I kept my brain engaged with my favorite topic these days: the Leadville Trail 100 MTB race. There is an entire podcast with six seasons dedicated to the topic. The hosts, Fatty and Hottie, have dozens of collective races under their belts. Fatty comes in under 9 hours more often than not. The podcast is exceptionally well produced, full of relevant information, including a 4-hour, turn-by-turn course description. As with all educational resources, the result can be increased confidence or solidified fears. The podcast triggered a little of both.

Speaking of races, I've toyed with the idea of eventually taking on the most notorious gravel race in the world, Unbound Gravel (originally Dirty Kanza). I don't know why. I don't even want to do 200 miles of Kansas in my posh van. Why would I want to experience the monotony on the bike, exposed to all the vengeful elements? If you are reading this and ever hear me talking about doing Unbound, please wave this paragraph in my face. Please.

Rocky Mountain High, At Last

On the border of Kansas and Colorado is a town called Kanorado. Really. I'm not making this up. And while it is a small town of seventy-some households, it's a monumental city for me—it signifies the Welcome to Colorful Colorado sign is fast approaching. However, no one told the Great Plains to give way to the Rocky Mountains at this artificial delineation; it will be another 150 miles before the craggy peaks of the Front Range reveal themselves behind the grassy hills of eastern Colorado. After two days on the road, there so no sweeter sight.

Well, maybe there is. Arriving at my western home base at my brother's outside Boulder, CO, my little niece jumps in the van. I'm unsure if she's old enough to realize she's standing in my kitchen, bathroom, and bedroom all at once. But she's fascinated by the space and brings serious cheer to the place. Hazel knows precisely where we are, and she celebrates by jumping out of the van and running up to the front door with her tail wagging furiously. Seeing the kids for the first time in months, I feel a welcome sense of homecoming.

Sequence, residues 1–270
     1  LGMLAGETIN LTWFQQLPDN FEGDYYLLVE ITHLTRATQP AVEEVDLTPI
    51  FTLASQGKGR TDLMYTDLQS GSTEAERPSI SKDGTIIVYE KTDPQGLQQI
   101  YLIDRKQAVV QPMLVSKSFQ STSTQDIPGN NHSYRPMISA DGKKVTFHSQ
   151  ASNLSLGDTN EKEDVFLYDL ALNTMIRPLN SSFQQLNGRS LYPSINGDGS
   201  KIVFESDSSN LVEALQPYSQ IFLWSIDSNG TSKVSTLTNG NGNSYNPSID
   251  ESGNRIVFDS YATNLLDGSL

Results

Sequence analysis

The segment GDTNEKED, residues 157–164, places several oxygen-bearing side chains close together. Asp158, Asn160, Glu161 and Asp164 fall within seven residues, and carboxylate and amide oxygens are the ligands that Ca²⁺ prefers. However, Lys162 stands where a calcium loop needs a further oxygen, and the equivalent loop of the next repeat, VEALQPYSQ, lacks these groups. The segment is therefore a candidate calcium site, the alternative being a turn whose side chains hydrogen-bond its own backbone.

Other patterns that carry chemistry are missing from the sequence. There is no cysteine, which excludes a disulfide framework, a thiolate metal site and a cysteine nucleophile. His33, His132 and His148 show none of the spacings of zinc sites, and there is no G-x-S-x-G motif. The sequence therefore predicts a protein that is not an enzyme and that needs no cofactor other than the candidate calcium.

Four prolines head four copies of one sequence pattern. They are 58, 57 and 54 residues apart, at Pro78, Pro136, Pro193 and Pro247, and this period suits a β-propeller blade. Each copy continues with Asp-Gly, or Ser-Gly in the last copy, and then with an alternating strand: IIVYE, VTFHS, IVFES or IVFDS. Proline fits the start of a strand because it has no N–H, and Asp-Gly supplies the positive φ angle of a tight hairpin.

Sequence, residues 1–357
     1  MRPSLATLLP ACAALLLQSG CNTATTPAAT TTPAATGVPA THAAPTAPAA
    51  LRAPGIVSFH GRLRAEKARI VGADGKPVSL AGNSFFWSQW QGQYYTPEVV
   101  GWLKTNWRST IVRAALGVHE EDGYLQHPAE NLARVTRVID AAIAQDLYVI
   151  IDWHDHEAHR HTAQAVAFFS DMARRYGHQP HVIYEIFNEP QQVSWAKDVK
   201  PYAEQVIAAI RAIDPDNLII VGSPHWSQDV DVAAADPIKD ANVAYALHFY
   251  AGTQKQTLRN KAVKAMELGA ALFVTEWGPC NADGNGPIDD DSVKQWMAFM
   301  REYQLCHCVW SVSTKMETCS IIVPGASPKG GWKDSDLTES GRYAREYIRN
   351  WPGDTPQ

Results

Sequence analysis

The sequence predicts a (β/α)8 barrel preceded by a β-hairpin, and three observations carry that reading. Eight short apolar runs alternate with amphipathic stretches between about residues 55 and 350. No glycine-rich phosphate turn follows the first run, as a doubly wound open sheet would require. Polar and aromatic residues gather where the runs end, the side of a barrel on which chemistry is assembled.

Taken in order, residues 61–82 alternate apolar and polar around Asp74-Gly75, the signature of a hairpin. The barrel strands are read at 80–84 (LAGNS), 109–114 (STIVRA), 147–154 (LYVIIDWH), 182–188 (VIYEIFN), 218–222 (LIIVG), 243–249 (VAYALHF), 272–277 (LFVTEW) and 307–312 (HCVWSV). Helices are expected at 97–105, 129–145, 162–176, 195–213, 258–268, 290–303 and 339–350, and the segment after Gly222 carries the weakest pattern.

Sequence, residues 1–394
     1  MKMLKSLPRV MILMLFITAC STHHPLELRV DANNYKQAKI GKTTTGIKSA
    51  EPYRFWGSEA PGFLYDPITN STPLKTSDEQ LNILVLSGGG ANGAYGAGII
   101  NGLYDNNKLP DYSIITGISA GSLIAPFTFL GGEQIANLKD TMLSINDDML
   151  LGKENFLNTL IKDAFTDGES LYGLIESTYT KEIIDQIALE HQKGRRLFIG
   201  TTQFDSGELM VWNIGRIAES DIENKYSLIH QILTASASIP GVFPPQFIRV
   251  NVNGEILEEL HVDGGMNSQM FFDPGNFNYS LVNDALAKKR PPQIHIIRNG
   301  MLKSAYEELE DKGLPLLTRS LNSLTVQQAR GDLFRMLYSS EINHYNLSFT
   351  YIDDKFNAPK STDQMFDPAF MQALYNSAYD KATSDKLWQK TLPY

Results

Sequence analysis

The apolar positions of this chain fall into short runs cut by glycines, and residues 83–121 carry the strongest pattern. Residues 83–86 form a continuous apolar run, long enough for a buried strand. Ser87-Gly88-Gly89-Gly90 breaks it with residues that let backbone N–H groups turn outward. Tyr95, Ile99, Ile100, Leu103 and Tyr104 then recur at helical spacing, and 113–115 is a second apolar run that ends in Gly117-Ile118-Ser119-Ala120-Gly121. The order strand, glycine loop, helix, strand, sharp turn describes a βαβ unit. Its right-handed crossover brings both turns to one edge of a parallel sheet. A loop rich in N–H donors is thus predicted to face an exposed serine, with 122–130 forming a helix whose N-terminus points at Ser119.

This time of year, the sun rises early. Since Hazel has no regard for time zones, she wakes me up at 4:30 or 5 am, and my reward is watching the mountains move from blue shadows into sherbet-colored highlights.

My mother always said: Wherever you go, there you are. I didn't understand it as a child, "I" and "me" were still a single unit back then. But now I get it. My problems all came with me: my broken laptop, disappointing new glasses, finicky bike parts, and a pretty bad YouTube haircut. The good thing about driving 1,500 miles into one of the swankiest suburbs of the country is most of these problems can be solved within a 10-mile radius. So I have set about them, one by one. As I write this on a borrowed computer, I discover my silver brick will become an Apple again in exchange for a cool 700 dollars cash. Yikes.

Back on the Bike